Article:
Prime Minister Gordon Brown’s political stocks continue to rise even though Britain is facing an economic crisis.
Deceit and hypocrisy are as common in politics as in everyday life, but for Labour to suggest Shadow Chancellor George Osborne might undermine the pound by criticising Gordon Brown suggests new depths of political depravity.
There is already a run on the pound, which has lost 25 per cent of its value against the dollar and the euro. Trying to pin it on Osborne seems cowardly as well as disgusting.
Brown wants complete freedom to do as he pleases during the current economic crisis, even though it’s likely that it was his let-it-rip fiscal recklessness which to a large extent caused our worst-of-all-nations fix.
He demands silence from his political opponents, calculating that if his schemes go wrong he can avoid responsibility by saying he had cross-party support.
Brown practised the same dirty politics when pressed by David Cameron on the Baby P tragedy. He said Cameron’s questions were politically motivated – in other words, they wouldn’t have been asked if the case hadn’t happened in a Labour borough, Haringey.
He must know this isn’t true. He can’t possibly be so cut off from what’s going on that he didn’t know the whole country was talking about the case. But he refused to withdraw his snide remark. His reaction was: ‘This is harmful to me.’ So it was OK to accuse Cameron of playing party politics.
Nothing is allowed to mar Brown’s new lease of life in which – bafflingly – his poll ratings rise while the country goes down the tubes. He feeds on our distress like a vampire, bursting with energy while others wonder how they and their families will survive.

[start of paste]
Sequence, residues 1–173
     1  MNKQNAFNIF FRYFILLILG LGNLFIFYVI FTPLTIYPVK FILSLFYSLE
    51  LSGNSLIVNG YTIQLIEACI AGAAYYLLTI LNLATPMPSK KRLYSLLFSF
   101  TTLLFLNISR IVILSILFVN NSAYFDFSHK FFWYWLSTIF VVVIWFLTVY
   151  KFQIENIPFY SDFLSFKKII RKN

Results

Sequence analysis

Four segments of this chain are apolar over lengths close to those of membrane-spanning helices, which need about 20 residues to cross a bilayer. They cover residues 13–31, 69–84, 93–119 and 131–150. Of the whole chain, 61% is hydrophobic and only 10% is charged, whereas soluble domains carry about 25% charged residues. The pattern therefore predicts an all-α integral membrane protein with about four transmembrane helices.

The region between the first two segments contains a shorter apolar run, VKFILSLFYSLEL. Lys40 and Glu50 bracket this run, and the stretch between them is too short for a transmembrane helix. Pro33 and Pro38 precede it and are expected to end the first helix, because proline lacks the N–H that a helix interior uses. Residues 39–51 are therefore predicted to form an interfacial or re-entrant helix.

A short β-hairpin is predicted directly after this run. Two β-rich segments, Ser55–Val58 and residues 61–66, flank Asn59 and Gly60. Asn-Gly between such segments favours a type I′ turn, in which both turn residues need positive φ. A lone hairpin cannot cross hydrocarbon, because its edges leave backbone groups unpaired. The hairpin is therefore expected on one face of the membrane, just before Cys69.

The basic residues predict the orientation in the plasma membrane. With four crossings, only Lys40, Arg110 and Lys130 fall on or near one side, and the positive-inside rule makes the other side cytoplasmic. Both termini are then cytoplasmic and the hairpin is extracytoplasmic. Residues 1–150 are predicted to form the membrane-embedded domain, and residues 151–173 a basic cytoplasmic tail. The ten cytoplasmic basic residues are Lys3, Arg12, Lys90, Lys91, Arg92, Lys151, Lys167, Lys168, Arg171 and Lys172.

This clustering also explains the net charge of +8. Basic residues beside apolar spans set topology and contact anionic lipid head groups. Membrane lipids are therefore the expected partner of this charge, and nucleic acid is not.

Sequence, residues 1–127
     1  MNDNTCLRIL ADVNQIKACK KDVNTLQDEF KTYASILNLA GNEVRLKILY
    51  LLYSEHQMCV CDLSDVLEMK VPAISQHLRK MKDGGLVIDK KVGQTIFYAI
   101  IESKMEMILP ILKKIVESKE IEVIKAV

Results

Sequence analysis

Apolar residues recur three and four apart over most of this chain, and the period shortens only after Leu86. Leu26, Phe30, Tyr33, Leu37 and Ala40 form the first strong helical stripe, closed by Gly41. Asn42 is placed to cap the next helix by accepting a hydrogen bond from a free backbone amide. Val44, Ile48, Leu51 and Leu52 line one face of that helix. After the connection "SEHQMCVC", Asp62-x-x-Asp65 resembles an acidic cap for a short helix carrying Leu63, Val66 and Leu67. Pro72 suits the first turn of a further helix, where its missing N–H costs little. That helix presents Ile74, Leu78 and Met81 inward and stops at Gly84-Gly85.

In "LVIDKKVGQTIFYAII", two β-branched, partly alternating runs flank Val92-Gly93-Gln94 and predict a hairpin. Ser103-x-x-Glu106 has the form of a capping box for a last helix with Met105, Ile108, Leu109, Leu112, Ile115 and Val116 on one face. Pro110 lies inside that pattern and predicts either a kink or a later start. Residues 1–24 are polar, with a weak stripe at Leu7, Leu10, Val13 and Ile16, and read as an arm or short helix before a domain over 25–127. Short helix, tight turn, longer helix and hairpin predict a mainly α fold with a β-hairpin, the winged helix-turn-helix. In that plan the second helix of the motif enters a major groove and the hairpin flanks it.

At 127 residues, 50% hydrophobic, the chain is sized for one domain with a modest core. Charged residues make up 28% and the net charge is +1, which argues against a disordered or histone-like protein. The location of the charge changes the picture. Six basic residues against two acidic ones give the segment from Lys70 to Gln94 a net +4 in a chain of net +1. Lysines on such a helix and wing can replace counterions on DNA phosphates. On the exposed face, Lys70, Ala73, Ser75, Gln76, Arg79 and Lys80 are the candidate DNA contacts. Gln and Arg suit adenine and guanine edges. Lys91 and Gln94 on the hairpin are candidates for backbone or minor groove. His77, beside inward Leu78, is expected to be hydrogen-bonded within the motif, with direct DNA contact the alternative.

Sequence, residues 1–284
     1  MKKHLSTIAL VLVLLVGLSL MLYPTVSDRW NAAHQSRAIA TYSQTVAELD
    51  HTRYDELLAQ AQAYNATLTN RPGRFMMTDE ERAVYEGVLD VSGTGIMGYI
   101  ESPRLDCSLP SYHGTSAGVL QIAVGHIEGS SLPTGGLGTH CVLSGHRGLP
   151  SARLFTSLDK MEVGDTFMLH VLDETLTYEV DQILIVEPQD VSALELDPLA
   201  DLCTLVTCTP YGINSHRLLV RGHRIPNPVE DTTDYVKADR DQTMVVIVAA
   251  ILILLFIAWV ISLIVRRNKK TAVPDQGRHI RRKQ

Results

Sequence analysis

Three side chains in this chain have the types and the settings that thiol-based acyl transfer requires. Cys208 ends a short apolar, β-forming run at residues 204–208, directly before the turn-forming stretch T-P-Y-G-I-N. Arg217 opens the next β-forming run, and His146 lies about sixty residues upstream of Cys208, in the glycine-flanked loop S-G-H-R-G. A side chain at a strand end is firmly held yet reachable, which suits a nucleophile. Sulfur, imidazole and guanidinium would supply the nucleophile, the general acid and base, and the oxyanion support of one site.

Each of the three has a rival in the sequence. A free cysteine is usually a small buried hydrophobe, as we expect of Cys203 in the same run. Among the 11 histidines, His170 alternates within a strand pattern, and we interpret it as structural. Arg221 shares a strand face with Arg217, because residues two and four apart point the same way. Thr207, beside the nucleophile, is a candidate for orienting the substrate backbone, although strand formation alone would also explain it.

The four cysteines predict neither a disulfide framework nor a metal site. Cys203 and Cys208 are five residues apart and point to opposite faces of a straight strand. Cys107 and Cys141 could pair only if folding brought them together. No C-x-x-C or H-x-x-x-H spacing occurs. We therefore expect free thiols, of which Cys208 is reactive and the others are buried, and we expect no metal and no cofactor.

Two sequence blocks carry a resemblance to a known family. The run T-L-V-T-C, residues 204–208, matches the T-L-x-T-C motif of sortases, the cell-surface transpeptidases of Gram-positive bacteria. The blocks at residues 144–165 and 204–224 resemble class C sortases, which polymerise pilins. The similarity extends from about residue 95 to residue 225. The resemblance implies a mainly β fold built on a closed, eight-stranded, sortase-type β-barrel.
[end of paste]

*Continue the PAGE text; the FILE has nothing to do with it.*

His trip to Washington for President George W. Bush’s G20 economic summit was all for show. Bush wants credit for helping clean up the mess he caused. So does Brown, who also needs to win a general election.
But President-elect Barack Obama wisely kept clear of them – and, we must hope, their attempts to write his new policies.
Brown now hopes Obama will agree to a new G20 summit in London in April. A world-famous new political star with whom he can be photographed again. Thereby fulfilling his greatest dream: that he can demonstrate to the world – not just Britain – that he, and he alone, has the answer to its problems.
All who aspire to public office need to have faith in themselves, but Brown is in a class of his own. And he’ll literally say anything to advance himself or keep back others. He pulls more stunts than Gerry Cottle’s Circus.
As for his colleagues, aren’t they a dismal crew? They were threatening to dump him in order to save their seats. Now the polls have improved, they’re in the grip of collective dementia.
They can’t understand why they’re being rewarded for their mistakes but the new prospect of electoral victory drives them mad with excitement.
No one may threaten their fragile dream by questioning the Government’s competence. Hence their insane jeering during the Commons questions on Baby P and the pathetic attempts to blame Osborne for the collapsing pound.
Brown is now poised to bribe us with tax cuts and other goodies (‘fiscal stimulus’, he calls it) before springing a 2009 general election, saying he needs a new mandate to steer us through the troubled waters ahead.
He doesn’t care how much he spends – or how much debt he piles up for our children and grandchildren – because its a heads-he-wins, tails-you-lose game.
Is Paul Dacre away from the office? This morning’s Mail has two scorching attacks on the Prime Mentalist. Quentin Letts captures the essence of Brown, Peter Mackay unloads both barrels: